Having an eating problem is about trying to make your whole life better through food and eating (or lack of). It is about how life won’t be good until weight has been lost and having no concern for how you do this; being convinced that your self esteem is dependent on how you look and what you weigh.
Eating problems are about attempting to control your life and emotions through food or lack of food.
The person affected by Anorexia may be extremely sensitive about being perceived as fat (viewing themselves as fat or being perceived by others as fat), or being extremely fearful of gaining weight. Not all people affected by anorexia have this fear. They may just be afraid to lose control over the amounts they eat, accompanied by the intense desire to control their emotions and reactions to their emotions through lack of food.
They will turn to obsessive dieting and starvation as a way to not only control their weight, but their feelings and actions regarding the emotions attached. Some also feel that they might not deserve pleasure out of life and will deprive themselves of pleasure (including food).
Bulimia is defined by bingeing and purging episodes – eating large quantities of food in a relatively short period of time – then inducing vomiting or taking laxatives. You might be feeling overwhelmed in coping with emotions or punishing yourself for something you might be unrealistically blame yourself for. Binging and purging can be used to avoid or let out feeling or anger, depression, stress or anxiety. Some also use excessive exercise or starvation following a binge instead of purging; it is also not uncommon to take diet pills to avoid bingeing or use diuretics to lose weight. Often large amounts of food are stored for future binges- unbeknown to people close.
Compulsive overeating is characterized as ‘addiction’ to food – using food and eating as a way to hide from emotions, to fill a void (i.e. a need for love or affection) or to cope with daily stresses and problems in life. They might not feel ‘good enough’, feeling ashamed for being overweight and have low self esteem – then use food and eating to cope with these feelings, which only continues the cycle. Often overeaters ‘hide’ behind their physical appearance – using it to block others/society out (common in survivors of sexual abuse).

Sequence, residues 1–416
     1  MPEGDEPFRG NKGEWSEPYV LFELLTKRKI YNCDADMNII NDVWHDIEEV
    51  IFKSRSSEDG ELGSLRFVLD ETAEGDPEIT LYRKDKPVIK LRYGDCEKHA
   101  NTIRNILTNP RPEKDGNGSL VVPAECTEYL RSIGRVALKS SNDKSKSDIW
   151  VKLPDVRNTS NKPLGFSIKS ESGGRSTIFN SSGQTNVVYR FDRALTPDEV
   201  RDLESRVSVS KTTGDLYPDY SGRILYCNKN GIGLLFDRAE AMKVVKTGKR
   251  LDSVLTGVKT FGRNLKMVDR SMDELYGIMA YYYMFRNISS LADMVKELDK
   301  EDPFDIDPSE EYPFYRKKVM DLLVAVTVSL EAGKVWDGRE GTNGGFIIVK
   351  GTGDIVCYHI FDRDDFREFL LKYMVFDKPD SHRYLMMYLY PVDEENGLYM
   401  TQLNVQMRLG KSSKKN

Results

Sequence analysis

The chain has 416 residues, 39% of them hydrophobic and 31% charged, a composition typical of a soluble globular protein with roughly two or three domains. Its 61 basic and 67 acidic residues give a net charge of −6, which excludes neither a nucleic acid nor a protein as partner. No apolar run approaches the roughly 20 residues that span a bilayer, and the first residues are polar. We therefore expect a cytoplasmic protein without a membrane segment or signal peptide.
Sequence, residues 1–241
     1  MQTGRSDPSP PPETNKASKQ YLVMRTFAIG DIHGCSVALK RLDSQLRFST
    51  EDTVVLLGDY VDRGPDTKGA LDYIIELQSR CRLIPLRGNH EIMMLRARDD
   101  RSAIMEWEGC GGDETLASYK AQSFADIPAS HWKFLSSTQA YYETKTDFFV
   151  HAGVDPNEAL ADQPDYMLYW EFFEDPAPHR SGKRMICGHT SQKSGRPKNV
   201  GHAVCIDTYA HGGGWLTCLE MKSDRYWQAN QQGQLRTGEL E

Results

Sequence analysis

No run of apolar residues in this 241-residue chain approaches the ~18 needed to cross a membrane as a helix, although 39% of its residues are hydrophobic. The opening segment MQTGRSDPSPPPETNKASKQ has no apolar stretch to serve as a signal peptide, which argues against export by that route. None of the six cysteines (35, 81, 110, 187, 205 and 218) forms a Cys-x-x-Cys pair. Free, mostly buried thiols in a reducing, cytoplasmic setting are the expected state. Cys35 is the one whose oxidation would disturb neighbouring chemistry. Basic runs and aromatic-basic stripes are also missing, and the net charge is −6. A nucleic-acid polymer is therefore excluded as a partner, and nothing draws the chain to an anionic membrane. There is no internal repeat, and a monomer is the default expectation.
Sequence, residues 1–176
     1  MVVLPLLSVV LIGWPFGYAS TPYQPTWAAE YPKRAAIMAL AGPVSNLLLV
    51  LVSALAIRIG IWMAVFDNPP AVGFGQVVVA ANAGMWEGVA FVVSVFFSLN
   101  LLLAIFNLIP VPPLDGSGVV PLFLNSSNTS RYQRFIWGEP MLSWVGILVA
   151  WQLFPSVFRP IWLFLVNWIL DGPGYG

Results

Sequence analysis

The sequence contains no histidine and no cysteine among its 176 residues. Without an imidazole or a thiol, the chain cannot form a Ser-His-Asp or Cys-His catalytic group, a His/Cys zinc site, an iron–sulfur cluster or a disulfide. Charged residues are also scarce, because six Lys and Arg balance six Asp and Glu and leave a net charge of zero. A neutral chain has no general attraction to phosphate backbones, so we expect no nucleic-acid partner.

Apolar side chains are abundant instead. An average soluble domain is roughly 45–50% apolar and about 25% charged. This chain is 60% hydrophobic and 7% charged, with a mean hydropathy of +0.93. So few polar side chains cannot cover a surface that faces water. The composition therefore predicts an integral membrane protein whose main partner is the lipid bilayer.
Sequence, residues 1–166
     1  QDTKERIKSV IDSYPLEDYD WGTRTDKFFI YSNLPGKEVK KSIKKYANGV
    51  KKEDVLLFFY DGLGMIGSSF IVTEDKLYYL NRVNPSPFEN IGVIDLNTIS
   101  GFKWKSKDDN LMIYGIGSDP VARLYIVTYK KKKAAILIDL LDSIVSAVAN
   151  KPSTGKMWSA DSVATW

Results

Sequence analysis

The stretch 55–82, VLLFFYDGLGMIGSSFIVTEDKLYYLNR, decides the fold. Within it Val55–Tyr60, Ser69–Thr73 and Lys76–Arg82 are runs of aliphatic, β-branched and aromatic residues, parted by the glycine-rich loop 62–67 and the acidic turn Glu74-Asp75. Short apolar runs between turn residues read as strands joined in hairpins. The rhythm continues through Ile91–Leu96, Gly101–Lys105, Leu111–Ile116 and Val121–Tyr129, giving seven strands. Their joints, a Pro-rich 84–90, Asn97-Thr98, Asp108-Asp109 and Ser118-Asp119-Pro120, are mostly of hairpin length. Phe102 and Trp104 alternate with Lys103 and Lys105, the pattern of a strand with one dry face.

It is important to remember that most eating problems through their signs and symptoms might be different – however they share a great number of common causes and emotional aspects. Low self esteem is inherently present in all eating problems.
Here are some questions for you to consider if you think you/or someone close to you might have an eating problem:
- Do you think people would like you more if you were thin/thinner?
- Do you constantly compare yourself to others (weight and appearance?)
- Do you continuously feel that you are overweight even if you have been told that you are not?
- Do people close to you often express concern for your weight loss/gain, your appearance or eating habits?
- Do you often feel numb or empty inside, like a big void – something is missing and try to fill this void with food?
- Are you good at convincing yourself that you do not deserve to eat/be happy?
- Do you eat, starve, deprive yourself of food, binge or purge or exercise compulsively when you feel lonely, depressed or can’t cope with emotional pressures? Is this followed by excessive guilt?
- Do often feel you are not in control when eating?
- Do you hide your eating habits from others and when questioned just pretend to be on a diet?